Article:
Under The Sky We Make encourages us to live our lives sustainably, with the hope that we can reclaim the planet one good choice at a time.” –SheReads

“[A] must-read…that combines unassailable facts with personal anecdotes and a plan for action.” –AFAR

"A crash-course on why climate change is happening and how to fix it, interwoven with beautifully written, witty anecdotes...Under the Sky We Make pushes back—politely, but with science—against the narrative that individual actions make little difference to the climate...A breezy field guide on how to align your lifestyle with your values." –Grist

"This compelling book about climate change really packs a punch, because climate scientist Nicholas relentlessly brings things down to the personal level....Libraries wondering if they really need another title on climate change should rest reassured; this is a realistic, accessible, and clarion call for change...Students will enjoy Nicholas's wry observations and appreciate her approachable insights as well as her "key take-aways" from every chapter." --Booklist (starred)

“Lund University climate scientist Nicholas delivers a user-friendly survey of the current state of the knowledge on climate change…Readers looking to save the world—and humanity—should take an interest in this harm-reducing program.” –Kirkus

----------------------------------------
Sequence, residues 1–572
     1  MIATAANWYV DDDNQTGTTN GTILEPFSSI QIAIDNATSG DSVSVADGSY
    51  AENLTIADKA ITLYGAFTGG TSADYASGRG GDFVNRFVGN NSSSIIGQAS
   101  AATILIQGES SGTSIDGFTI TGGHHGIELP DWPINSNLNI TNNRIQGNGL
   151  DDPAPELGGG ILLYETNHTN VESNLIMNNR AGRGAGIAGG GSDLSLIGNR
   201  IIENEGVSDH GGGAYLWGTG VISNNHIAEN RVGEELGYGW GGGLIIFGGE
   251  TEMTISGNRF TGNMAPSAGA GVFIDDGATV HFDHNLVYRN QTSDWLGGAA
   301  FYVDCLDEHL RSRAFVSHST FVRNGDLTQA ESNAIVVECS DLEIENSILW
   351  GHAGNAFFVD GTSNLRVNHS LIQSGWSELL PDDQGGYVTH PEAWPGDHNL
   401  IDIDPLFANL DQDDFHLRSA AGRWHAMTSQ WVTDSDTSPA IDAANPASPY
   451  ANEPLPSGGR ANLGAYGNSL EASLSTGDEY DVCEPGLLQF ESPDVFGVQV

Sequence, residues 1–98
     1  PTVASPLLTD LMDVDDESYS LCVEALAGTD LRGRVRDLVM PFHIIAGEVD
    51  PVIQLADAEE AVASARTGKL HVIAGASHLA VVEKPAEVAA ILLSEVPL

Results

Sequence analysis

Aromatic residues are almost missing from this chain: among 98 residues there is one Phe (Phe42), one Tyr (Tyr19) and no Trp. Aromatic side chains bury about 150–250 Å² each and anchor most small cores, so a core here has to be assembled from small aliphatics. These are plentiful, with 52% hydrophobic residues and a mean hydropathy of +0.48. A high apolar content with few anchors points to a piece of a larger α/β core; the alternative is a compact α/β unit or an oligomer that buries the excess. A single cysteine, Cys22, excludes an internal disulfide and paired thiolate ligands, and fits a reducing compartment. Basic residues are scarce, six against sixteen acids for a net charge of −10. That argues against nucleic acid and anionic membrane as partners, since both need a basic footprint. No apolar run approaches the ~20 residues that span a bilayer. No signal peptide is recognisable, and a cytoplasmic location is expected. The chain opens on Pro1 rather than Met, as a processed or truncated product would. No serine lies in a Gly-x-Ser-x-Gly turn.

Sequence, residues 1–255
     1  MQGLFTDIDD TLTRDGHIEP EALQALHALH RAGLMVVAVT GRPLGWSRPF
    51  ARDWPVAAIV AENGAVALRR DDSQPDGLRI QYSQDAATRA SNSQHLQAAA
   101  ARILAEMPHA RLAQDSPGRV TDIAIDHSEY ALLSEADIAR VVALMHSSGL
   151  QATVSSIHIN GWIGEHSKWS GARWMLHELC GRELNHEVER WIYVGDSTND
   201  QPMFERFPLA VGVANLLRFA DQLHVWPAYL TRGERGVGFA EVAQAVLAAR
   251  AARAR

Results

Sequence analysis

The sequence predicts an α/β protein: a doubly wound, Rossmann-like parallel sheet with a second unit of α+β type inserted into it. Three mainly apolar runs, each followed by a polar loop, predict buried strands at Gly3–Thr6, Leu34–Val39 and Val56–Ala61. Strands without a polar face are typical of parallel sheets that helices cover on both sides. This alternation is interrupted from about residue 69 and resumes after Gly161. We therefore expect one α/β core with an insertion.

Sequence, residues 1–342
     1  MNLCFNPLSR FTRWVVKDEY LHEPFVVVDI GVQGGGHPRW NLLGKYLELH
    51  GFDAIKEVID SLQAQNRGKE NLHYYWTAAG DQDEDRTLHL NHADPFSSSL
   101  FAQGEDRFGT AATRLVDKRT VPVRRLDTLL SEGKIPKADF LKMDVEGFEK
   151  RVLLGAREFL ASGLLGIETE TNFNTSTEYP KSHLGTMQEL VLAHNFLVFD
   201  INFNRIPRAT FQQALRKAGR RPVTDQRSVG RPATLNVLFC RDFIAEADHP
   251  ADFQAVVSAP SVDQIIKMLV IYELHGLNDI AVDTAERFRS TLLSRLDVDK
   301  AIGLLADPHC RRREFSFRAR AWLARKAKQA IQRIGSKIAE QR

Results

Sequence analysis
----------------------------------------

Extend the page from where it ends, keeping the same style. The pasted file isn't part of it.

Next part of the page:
“[Nicholas] makes a hopeful, clear-eyed, and at times hilarious guide to effecting radical change in our society and culture—starting with our own lives.” –New York Public Library

“An antidote to climate nihilism. [It] address[es] the tangled roots of the current environmental crisis but also explain[s] the global necessary to move toward a carbon-free future.” –Outside

“In these pages, Dr. Kimberly Nicholas takes us by the hand to explore our most important questions about the climate crisis: “What’s happening? What next?” And–most importantly–‘how do I leverage my power to help make things better for everyone, for generations to come?’ Educational and galvanizing, this book is part memoir, part exposé, part warm conversation with a friend–and it is a soul-stirring call to action.” --Dr. Lucy Kalanithi, Clinical Associate Professor of Medicine, Stanford University, and widow of Paul Kalanithi, author of When Breath Becomes Air

"A beautiful book—wise, painful, transformative—about all that we might still save. Reading it forced me to dig deep within myself, to try to find answers to what I cared about most, what I believed. " —Jayson Greene, author of Once More We Saw Stars
© Simon Charles Florian Rose